Pro Perspectives 3/26/24






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March 26, 2024

Yesterday we talked about the Fed’s overly tight policy stance, and the downward pressure it puts on the economy.  And related to that, we looked at the recent percentage point decline in the Atlanta Fed’s Q1 GDP projection.

With that, let’s revisit the Fed’s new financial conditions index, which gauges the impact of financial conditions on future economic growth.

They just made an update to the index last week.  Let’s take a look …

Remember, this index is designed to incorporate the lags of monetary policy, and project (in this case) one-year forward what the impact will be on real GDP growth.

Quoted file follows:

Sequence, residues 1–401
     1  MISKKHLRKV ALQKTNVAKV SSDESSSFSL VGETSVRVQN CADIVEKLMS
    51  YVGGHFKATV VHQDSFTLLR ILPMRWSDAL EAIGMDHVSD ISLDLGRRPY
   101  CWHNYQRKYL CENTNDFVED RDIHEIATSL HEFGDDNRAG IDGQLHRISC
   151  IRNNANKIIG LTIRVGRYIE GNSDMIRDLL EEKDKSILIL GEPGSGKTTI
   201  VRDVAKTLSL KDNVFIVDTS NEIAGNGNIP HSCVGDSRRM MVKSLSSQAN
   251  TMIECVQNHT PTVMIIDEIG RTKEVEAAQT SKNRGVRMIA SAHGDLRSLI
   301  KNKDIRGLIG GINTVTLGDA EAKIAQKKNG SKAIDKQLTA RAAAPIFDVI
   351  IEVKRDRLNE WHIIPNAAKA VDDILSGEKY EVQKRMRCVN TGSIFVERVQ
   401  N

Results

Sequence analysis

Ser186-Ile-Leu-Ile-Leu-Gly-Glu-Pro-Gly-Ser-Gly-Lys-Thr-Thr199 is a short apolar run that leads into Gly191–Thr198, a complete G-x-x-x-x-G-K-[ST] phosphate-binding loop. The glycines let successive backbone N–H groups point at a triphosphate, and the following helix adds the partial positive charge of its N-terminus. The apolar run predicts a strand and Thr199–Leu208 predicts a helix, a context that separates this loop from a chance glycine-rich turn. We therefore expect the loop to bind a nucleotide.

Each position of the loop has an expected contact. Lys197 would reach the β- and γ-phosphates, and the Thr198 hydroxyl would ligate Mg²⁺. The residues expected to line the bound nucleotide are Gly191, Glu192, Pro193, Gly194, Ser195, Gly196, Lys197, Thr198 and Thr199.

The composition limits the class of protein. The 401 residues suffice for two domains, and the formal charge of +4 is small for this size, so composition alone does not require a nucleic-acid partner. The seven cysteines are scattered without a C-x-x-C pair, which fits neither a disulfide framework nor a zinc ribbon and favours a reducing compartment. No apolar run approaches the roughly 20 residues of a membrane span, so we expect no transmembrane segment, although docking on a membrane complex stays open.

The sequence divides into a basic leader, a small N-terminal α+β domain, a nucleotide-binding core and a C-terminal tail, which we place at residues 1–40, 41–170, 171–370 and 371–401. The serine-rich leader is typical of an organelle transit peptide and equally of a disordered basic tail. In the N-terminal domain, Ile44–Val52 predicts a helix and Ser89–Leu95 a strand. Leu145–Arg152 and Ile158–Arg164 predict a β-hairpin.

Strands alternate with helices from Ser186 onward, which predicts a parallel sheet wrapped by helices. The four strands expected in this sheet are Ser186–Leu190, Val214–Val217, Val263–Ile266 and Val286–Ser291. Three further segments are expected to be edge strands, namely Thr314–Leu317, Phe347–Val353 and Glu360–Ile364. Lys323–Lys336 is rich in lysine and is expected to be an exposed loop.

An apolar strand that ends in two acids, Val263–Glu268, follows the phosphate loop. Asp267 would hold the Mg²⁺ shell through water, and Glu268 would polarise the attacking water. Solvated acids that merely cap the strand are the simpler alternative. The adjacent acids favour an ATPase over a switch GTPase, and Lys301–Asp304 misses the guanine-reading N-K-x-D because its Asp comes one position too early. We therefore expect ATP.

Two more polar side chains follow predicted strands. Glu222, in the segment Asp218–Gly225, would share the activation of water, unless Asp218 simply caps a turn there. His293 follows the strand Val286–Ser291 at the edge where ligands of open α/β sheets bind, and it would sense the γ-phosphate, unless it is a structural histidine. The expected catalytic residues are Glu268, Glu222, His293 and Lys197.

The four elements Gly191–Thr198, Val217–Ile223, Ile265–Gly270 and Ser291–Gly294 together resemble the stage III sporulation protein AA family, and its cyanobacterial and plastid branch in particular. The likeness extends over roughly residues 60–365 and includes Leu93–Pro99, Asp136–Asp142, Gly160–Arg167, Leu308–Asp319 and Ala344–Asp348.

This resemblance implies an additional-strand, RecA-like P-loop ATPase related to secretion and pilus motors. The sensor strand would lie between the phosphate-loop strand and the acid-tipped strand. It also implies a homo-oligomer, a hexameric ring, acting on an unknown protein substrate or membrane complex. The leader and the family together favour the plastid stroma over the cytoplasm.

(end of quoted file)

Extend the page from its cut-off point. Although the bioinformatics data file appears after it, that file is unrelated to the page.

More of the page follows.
If the line is above zero, it’s a drag on growth (restrictive policy).  If it’s below zero, it’s a boost to growth (stimulative policy).  As you can see to the far right of the chart, it’s still projecting a drag on growth one-year forward. 

They introduced this “new” index back in June, and Jay Powell included a footnote directing attention to this index in a speech he made back in early December.  We discussed it in my December 4th note (here) and stepped through some analysis of the turning points of the index, and the subsequent return on stocks.

Here’s a revisit of that analysis: 

1) Financial conditions were at historically tight levels, as you can see in the chart above (“Oct ’23”).

2) Each of the periods in the chart that shared the characteristic of “historically tight levels,” were soon followed with some form of Fed easing (either rate cuts, QE, or in the case of 2015-2016 – walking back on projected rate hikes). 

And, 3) in each of the turning points in financial conditions, denoted in the chart, stocks did very well in the subsequent 12-month period — and small caps outperformed